What is a check-in report?
The check-in inventory allows the landlord and the tenant to get a precise description of the condition of the property, as well as the
contents of the accommodation (whether furnished or not), before starting the contract.
It is carried out by an independent agency, not the letting agent; whose unique purpose is to conduct check-in/check-out inventories.
The check-in inventory is neither in favour of the tenant, nor the landlord.
The inventory and check-in reports must contain readings for electricity, gas and water, if they are available and accessible.
When does the check-in take place?
The inventory and check-in will take place on the first day of your rental lease (provided all fees and rents have been paid).
A check-in inventory report will be sent to the tenant and the landlord, and signed up by both parties.
This report will be very useful when checking-out.
You have a statutory period of seven days within which to express your disagreement with one or more of the points included in the check-in report.
Once this period has elapsed, all details contained in the check-in report shall be deemed accepted by the tenant and the
property owner, and are legally binding.
The check-in appointment
You will meet the agent who will conduct the check-in inventory on-site, on the first day of your tenancy. The timing of the appointment will be indicated to you beforehand.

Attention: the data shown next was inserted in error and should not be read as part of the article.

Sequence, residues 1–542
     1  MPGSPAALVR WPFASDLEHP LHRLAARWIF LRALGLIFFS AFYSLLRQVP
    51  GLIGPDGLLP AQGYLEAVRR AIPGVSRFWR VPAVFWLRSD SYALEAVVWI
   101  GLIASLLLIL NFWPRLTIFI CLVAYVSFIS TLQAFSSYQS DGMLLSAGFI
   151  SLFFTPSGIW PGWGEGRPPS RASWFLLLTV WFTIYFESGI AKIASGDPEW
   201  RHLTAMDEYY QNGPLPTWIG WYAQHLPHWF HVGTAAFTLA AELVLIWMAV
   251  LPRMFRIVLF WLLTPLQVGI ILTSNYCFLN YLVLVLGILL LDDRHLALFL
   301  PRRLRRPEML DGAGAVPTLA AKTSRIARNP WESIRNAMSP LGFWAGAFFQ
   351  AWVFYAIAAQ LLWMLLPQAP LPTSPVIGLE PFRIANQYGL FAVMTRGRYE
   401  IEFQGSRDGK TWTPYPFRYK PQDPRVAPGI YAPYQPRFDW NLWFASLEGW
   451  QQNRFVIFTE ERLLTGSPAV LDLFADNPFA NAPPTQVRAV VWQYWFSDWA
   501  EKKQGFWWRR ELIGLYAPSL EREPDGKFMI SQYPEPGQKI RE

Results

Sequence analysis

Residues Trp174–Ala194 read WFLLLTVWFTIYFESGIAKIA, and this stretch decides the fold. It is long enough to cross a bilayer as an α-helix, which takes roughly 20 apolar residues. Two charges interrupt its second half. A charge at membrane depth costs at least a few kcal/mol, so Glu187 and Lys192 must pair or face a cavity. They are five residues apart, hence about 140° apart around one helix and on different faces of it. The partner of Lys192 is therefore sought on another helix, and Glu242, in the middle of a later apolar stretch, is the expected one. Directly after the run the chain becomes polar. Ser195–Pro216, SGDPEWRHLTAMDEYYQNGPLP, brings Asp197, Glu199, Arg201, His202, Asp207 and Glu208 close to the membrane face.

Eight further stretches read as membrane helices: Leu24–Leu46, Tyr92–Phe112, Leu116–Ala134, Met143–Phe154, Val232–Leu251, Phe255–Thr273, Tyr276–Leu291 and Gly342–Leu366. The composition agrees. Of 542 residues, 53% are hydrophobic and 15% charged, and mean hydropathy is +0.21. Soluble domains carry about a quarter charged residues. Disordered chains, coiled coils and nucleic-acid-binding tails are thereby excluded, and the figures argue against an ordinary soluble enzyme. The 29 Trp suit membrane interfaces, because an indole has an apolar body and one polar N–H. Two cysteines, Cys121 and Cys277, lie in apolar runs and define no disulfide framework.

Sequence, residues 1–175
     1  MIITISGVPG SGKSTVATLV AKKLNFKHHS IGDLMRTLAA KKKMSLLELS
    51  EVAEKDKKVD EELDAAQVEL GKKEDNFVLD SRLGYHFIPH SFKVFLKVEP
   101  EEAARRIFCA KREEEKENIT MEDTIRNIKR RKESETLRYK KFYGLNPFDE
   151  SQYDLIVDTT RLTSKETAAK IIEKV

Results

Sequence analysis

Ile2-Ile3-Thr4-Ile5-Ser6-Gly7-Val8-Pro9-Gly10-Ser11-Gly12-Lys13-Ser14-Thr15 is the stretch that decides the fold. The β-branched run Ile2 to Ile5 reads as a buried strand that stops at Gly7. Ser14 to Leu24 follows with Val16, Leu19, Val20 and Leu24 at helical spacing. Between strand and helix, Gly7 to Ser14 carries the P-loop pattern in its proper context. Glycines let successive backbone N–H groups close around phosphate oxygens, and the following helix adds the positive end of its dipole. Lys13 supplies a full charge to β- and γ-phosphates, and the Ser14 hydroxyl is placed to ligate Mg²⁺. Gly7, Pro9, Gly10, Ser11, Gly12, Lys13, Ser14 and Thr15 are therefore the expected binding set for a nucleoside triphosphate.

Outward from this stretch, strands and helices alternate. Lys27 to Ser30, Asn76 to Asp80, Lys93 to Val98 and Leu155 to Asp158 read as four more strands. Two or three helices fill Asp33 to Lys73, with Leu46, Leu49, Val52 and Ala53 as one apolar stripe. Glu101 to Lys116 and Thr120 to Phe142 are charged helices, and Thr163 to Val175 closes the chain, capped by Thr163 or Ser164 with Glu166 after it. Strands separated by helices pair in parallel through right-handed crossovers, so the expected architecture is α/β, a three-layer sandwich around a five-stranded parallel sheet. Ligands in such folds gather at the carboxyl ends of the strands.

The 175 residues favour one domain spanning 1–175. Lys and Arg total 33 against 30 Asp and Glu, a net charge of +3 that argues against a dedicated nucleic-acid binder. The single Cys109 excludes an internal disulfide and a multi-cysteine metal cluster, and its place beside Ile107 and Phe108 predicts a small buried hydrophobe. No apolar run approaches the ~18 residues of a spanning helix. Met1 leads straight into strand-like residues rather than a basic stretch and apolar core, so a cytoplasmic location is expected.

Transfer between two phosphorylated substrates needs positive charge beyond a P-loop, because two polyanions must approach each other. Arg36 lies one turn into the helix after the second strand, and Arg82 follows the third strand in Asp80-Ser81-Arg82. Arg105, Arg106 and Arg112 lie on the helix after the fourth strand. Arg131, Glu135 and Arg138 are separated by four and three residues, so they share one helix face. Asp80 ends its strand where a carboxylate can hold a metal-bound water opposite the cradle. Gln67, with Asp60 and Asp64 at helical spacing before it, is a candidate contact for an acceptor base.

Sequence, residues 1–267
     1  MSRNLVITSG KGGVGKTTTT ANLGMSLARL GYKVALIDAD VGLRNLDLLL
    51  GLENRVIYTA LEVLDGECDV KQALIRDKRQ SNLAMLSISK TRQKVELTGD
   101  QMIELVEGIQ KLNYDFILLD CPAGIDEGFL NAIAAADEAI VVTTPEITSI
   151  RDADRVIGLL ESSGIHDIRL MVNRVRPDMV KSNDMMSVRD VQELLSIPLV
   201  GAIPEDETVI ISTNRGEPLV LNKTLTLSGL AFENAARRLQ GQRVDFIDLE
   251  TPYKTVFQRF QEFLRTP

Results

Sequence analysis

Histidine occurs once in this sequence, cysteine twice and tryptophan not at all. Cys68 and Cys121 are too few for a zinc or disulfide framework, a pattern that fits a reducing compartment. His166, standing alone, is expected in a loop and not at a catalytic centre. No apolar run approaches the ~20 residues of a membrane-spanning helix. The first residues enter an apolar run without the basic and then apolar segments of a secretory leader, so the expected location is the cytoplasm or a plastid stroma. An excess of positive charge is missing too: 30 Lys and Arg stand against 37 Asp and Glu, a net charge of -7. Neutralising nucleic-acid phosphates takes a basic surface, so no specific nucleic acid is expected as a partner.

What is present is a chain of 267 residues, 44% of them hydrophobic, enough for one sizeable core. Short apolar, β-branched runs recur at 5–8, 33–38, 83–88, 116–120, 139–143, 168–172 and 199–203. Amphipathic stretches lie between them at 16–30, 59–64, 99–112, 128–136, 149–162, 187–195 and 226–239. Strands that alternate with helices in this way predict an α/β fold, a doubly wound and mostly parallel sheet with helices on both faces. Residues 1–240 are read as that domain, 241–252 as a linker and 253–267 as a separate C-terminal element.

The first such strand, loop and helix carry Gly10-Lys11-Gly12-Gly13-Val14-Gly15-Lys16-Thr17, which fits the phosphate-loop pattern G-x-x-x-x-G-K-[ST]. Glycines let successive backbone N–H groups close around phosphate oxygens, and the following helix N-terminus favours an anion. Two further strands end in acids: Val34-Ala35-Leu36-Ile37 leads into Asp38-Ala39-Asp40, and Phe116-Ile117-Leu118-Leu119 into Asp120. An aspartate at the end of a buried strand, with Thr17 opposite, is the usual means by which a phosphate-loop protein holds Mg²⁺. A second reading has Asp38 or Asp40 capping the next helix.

The agent will already have the keys of your rental accommodation, and you will receive them at the end of the check-in inventory.
The agent will have a look at the whole property, and at each room. He/she will take some pictures and precise notes.
The appointment can last between 30 and 180 minutes, according to the size of the accommodation, and the agency (some are more detailed than others)
You don’t have to follow the agent as you will receive a complete report later on. In fact, you do not even need to attend, if you don’t want to, or can’t. In that case, you can usually collect your keys from the estate agent, after the inventory.
What is in the check-in report?
Generally, the report is written by the agency within 48 hours following the appointment (it can be longer).
The report comprises a description of the contents in the accommodation, its condition, some pictures and written notes, as well as
the meter readings (when they exist and when they are easily accessible during the check-in inventory) and the number of sets of keys that were handed out to you.
The report can comprise of up to fifty pages, and this is totally normal.
Elements to pay attention to
- Meter reading : if possible, take a picture of each meter reading yourself (electricity, gas, and water if there is one, which is not always the case).
- Marks on the walls : pay attention to marks on the walls. Make a note or take some pictures of them.
- Hooks on the walls : make a note if some marks are remaining because of wall fixings (it is often a contentious issue when
- Additional elements : sometimes, previous tenants or landlords left unwanted objects. If you want them to be removed, you must contact the landlord to ask for authorization and/or to ask him to do it for you (check who will have to pay for this
before agreeing to anything). Keep a written proof of this, or better, notify the inventory agency immediately, so it is included in the report. Otherwise, these objects will be part of the inventory, and must be present when checking out at the end of your tenancy.